THE FOREIGN SERVICE JOURNAL
covers theAFSA annual awards ceremony
and spotlights the 2016 award
winners. This makes for inspir-
ing reading, as we explore what our col-
leagues are doing to achieve our collective
mission. One friend now serving at the
Foreign Service Institute tells me she
scours the AFSA awards write-ups for case
studies to highlight best practices in her
The annual awards ceremony is a
great AFSA tradition, one that recognizes
excellence and courage. The AFSA awards
programmakes our profession stronger.
AFSA gives a variety of awards—one
for Lifetime Contributions to American
Diplomacy, several outstanding perfor-
mance awards and, unique in the U.S.
government, four awards for constructive
dissent—at the entry level, mid-level,
senior level and by a specialist.
This year, after the kind of spirited,
principled debate that represents AFSA
at its best, only one award for dissent
was granted.Governing Board
members agreed on
the need for better, clearer guidance on
what constitutes dissent in the Foreign
Service—beginning with how to distin-
guish between dissent and the equally
distinct, act of tak-
ing initiative and
ways to approach
We resolved to
produce a more
robust definition of dissent in time for
next year’s nomination process. This
column is meant to contribute to that
thought process and invite your input.
We in the Foreign Service deploy
worldwide—to protect and serve, yes, but
also to understand the local context and
call it like we see it. Sometimes Wash-
ington wants us to deliver something we
know is not achievable in that context.
Sometimes we know that even trying
would cause a backlash and impede
achievement of other goals.
It is our obligation to point that out, to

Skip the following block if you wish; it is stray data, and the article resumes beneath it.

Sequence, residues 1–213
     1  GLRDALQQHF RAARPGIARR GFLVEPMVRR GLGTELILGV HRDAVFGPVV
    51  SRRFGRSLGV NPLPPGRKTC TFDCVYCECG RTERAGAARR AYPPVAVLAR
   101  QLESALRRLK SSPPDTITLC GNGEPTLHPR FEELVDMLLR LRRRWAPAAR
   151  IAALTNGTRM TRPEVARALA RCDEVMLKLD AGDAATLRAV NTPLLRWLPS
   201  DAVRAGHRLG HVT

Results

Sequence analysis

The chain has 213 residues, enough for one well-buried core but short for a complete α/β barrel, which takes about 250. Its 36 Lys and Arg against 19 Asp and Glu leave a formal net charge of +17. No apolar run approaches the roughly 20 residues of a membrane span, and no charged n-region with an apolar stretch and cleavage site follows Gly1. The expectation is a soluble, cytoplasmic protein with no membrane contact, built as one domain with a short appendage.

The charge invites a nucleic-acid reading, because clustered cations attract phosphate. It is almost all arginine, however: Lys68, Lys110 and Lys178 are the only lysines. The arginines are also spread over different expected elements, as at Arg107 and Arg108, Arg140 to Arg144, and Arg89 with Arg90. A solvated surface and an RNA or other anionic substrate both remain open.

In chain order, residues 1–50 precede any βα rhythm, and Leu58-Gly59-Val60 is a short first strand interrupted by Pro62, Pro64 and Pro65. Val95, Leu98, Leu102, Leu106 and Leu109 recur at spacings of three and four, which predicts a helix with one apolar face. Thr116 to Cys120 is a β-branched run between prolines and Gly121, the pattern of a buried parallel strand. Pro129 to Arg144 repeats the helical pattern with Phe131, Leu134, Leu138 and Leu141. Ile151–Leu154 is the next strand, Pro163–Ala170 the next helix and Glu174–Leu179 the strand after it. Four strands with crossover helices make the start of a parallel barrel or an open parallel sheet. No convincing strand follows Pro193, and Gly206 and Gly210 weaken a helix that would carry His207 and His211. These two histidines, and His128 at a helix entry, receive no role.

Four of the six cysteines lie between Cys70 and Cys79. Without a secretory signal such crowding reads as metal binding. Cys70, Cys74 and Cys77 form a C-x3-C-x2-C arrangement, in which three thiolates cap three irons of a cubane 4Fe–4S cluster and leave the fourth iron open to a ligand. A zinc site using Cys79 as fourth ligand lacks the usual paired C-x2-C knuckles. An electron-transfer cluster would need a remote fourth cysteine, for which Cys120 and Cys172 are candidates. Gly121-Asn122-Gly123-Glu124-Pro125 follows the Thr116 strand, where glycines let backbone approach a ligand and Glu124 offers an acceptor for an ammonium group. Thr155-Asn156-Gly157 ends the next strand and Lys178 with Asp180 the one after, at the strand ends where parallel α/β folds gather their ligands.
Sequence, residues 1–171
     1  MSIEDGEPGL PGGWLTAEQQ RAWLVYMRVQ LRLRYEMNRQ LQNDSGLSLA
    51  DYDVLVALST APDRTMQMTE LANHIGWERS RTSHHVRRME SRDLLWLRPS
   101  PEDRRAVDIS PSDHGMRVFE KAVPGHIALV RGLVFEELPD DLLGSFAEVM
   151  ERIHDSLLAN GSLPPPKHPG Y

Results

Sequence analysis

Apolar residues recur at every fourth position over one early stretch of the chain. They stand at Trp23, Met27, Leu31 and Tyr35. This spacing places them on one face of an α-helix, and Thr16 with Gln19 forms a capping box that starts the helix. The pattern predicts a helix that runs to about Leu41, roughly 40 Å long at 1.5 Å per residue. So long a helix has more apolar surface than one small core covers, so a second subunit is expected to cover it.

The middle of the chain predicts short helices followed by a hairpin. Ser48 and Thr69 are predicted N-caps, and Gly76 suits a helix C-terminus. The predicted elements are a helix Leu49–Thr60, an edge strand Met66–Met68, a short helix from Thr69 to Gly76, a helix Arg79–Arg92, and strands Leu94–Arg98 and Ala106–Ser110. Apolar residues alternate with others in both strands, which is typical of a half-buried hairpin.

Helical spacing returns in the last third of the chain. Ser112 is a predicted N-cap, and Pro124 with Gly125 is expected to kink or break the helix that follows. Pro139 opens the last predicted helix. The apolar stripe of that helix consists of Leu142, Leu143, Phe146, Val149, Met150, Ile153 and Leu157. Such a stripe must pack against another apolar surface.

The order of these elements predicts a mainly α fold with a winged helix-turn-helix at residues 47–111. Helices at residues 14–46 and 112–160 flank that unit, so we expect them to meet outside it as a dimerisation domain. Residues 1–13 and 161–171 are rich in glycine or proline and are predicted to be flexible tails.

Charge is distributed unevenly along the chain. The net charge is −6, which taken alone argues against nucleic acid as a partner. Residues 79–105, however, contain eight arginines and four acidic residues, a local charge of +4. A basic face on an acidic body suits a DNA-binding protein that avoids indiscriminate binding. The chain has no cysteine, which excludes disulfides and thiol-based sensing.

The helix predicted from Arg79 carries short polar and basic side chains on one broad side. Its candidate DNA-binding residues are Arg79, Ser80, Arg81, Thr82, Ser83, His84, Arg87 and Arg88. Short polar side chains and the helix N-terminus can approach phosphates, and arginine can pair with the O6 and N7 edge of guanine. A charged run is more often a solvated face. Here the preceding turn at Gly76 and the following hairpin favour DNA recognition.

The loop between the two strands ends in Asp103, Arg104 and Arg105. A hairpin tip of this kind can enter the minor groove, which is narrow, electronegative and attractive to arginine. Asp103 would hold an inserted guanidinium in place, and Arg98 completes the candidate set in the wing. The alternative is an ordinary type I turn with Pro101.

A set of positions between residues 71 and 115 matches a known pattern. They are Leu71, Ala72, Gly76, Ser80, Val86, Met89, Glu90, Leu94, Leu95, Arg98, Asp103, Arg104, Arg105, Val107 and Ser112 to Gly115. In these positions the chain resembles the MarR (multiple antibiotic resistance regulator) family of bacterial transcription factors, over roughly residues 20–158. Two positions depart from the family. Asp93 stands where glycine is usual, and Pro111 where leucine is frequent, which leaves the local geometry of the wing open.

offer our best judgment and, when pos-
sible, alternatives (see “Foreign Service
Core Precepts,” below). This is the basis
for constructive dissent as we have tradi-tionally defined it. The State Department’s Dissent Channel is one way—the institu-
tional vehicle—to deliver that dissent (see
“The Dissent Channel,” next page).
The same obligations to speak up
apply for matters related to the manage-
ment of our own institution, not just for
classic foreign policy issues. We must all
think of ourselves as stewards of the For-
eign Service and act accordingly, working
to establish and maintain well-function-
ing embassy platforms and healthy career
paths for the next generation. Because the
Dissent Channel is restricted to “substan-
tive policy” issues, dissent on manage-
ment matters must be conducted through
The AFSA awards program recognizes
constructive dissent on management
issues as well as foreign policy issues.
This year’sRivkin Award
winner is a great
example of the former.
Lest we come across as simply
nay-sayers (as we might to interagency
Ambassador Barbara Stephenson is the president of the American Foreign Service Association.
Calling It Like We See It
BY BARBARA STEPHENSON
FOREIGN SERVICE CORE PRECEPTS
Excerpt from the Core Precepts
Decision Criteria for Tenure and Promotion in the Foreign Service
Leadership Skills/Openness to Dissent and Differing Views
Exhibits moral courage and intellectual integrity. Publicly supports
official decisions while using appropriate dissent channels in case of disagreement.
Resolves disputes using appropriate mechanisms.
Encourages frank communication with colleagues and subordinates.
Discerns when well-founded constructive dissent is justified; advocates policy
alternatives and guides staff to do the same. Recognizes employee dissent through
Encourages and expects personnel to express opinions and to use
dissent channels; accords importance to well-founded constructive dissent and
solicits, weighs, and defends its appropriate expression. Recognizes and supports